Nineteen experts in equine welfare have weighed in on the lives of horses in a study, with researchers using their input to prioritise the areas of greatest need.
Fiona Rioja-Lang and her University of Edinburgh colleagues, writing in the journal Animals, note that horses may be vulnerable to a large number of different welfare issues, some of which are unique to equines, such as responses to being ridden or trained.
“Compared to farmed livestock, their welfare has received less attention, but concern for their welfare is increasing,” the study team said.
The European Union is home to about 7 million horses, with about 1 million in Britain.
Most are kept as leisure animals, but horses are unusual in that they are often not classified as companion animals and many do not live at the same address as their owners, but nor are they considered livestock.
In addition, although few horses in Europe are now used for draught purposes, some are also kept for racing, competitions and other professional uses. They are also employed in tourism, forestry, agriculture and therapy.
Globally, horses and other equids are still widely used for traction power in low and middle-income countries, are used for meat in many countries and for conservation grazing, and there are also feral horse populations.
Welfare issues can arise from the environment in which they are kept, how they are treated by their caregivers, and their health.
Rioja-Lang and her fellow researchers, Melanie Connor, Heather Bacon and Cathy Dwyer, sought the opinions of 19 equine welfare experts for their study.
The experts were either associated with non-governmental organisations or equine charities, or were academic researchers, trainers, industry representatives, veterinarians, associated with equine policy, or had other expertise.
To begin, an initial list of 84 equine welfare issues was generated, based on analysis of an online discussion board.
Experts then ranked these welfare issues for perceived prevalence, severity and duration of suffering associated with each issue on a six-point scale.
The list was further reduced in subsequent rounds before a subset of the experts attended a two-day workshop to determine the final priority list of welfare issues.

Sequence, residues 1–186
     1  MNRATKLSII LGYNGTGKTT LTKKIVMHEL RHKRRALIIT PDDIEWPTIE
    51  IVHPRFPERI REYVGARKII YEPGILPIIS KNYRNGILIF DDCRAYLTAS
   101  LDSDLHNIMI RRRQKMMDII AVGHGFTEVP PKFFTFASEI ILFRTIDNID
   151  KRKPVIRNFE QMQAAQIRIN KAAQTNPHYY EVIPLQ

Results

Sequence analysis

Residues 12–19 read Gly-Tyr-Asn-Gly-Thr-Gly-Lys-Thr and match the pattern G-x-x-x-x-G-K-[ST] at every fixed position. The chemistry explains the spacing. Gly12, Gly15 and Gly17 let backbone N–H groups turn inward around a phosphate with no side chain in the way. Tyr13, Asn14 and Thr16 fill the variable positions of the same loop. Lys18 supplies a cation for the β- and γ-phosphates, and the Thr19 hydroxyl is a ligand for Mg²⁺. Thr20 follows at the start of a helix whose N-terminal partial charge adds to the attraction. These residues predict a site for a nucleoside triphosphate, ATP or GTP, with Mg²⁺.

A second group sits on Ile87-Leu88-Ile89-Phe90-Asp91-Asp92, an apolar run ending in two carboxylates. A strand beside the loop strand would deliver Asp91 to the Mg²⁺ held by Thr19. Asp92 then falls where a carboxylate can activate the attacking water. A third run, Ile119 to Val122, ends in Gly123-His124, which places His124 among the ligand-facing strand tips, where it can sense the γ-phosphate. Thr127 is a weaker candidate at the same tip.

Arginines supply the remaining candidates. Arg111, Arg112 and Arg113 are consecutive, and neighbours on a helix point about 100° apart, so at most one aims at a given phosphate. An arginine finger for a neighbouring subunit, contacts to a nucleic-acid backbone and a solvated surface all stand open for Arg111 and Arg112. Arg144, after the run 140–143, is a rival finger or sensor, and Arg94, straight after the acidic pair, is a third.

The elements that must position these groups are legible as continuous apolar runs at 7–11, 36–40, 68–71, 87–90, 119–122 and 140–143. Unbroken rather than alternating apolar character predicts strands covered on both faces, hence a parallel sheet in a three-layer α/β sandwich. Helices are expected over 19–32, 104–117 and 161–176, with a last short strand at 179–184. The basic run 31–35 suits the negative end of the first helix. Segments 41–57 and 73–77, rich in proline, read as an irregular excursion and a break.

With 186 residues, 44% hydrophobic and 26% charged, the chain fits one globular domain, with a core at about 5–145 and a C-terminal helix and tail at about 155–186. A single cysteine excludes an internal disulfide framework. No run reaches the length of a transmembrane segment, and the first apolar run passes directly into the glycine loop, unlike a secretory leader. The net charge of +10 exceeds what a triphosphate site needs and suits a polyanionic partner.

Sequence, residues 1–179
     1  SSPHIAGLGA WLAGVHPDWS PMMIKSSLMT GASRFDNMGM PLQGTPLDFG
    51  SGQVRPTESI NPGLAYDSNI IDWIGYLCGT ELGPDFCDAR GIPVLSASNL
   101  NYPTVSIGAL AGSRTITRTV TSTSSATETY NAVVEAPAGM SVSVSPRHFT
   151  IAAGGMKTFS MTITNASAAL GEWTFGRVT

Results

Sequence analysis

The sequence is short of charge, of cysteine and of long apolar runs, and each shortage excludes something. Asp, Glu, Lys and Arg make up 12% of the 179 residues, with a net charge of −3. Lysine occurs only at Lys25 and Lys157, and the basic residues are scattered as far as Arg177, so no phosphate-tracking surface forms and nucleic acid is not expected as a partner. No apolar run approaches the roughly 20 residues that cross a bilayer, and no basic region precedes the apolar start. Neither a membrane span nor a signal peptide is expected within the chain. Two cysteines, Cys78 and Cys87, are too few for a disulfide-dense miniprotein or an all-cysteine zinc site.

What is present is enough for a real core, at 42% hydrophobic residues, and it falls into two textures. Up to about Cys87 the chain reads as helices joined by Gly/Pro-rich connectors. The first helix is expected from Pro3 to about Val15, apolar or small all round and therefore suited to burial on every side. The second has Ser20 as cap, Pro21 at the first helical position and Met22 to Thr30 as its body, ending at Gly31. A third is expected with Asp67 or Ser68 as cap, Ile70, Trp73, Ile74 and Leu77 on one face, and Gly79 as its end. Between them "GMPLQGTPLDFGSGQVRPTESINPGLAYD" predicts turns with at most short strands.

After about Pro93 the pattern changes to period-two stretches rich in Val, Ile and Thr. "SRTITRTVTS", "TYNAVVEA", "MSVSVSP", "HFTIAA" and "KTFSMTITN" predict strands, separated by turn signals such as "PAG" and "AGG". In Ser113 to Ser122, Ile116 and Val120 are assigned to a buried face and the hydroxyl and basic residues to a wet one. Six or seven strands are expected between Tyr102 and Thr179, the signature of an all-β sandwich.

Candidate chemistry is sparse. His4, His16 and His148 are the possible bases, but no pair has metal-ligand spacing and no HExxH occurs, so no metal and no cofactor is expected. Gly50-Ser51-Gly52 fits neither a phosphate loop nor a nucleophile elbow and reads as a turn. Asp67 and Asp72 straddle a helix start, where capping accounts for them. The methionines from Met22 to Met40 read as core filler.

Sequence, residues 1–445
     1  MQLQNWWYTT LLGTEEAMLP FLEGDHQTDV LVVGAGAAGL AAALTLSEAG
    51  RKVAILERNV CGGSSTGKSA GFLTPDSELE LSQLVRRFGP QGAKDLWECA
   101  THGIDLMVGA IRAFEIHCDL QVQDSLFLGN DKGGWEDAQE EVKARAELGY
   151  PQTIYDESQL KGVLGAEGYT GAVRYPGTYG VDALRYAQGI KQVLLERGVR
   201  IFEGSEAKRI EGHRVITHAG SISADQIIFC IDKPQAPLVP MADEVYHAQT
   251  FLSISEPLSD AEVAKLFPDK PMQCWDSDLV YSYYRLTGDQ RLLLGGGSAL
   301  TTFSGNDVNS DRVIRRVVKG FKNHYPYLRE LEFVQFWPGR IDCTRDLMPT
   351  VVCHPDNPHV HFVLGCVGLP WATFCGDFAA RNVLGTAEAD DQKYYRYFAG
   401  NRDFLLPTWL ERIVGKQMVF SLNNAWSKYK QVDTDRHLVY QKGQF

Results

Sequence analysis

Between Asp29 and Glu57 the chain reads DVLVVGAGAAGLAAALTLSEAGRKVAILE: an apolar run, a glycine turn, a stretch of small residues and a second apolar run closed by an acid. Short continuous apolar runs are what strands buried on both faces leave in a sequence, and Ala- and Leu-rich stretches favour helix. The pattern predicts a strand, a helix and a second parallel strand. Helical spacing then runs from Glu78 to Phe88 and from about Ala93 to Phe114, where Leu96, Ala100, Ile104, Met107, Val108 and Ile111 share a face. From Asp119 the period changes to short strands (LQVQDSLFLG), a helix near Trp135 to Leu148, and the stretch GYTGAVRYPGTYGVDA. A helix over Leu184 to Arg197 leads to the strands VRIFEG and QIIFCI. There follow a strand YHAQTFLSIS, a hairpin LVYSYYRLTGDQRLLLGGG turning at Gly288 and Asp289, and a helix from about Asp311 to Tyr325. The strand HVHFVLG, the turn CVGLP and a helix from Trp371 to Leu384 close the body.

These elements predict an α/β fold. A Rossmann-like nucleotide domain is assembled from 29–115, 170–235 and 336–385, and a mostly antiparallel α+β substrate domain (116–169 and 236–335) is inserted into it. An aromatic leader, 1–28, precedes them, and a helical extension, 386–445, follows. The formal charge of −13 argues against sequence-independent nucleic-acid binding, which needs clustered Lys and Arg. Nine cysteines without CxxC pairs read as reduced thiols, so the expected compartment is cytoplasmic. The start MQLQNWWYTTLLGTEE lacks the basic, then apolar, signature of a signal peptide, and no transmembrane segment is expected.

The welfare issues considered most common were:
- Lack of biosecurity;
- Delayed euthanasia;
- Lack of owner knowledge of equine welfare needs;
- Fear and stress from use; and
Those considered to cause the greatest suffering for individual horses were:
- Delayed euthanasia;
- Lack of recognition by owners of pain behaviour;
- Large worm burdens;
- Obesity; and
- Being fed unsuitable diets for equine feeding behaviour.
Discussing their study, the researchers said although the horse experts in the initial rounds did not achieve very high levels of agreement, a better consensus was achieved during the face-to-face discussions.
Many areas considered important in the survey also ranked highly in the workshop, they noted.
By comparing the outcomes with other studies that have attempted similar assessments, the researchers found common welfare concerns raised frequently by different groups, which lends greater weight to arguments that these are important horse welfare issues.
“In particular, lack of owner knowledge, or application of knowledge to the management of horses, is an important welfare concern, which has also been seen in other species.
“In addition, many of the other issues that have been highlighted may also stem from poor owner knowledge or the application of traditional or culturally mediated methods of managing or using horses.
“These include poor biosecurity practices, not recognizing pain behaviour, use of poorly fitting or restrictive tack, inappropriate training practices and keeping horses in environments that do not meet their physical, nutritional or behavioural welfare needs.
“Increasing numbers of studies have demonstrated that these practices can result in fear, frustration or distress in horses, and an effective means to transfer this knowledge to owners and an assessment of the barriers to implementing changes are required.”
The researchers say that prioritizing different welfare issues can help to focus attention on the most pressing or severe issues causing the greatest amount of suffering.
The researchers are all affiliated with the Royal (Dick) School of Veterinary Studies, which is part of the University of Edinburgh in Scotland.
Rioja-Lang, F.C.; Connor, M.; Bacon, H.; Dwyer, C.M. Determining a Welfare Prioritization for Horses Using a Delphi Method. Animals 2020, 10, 647.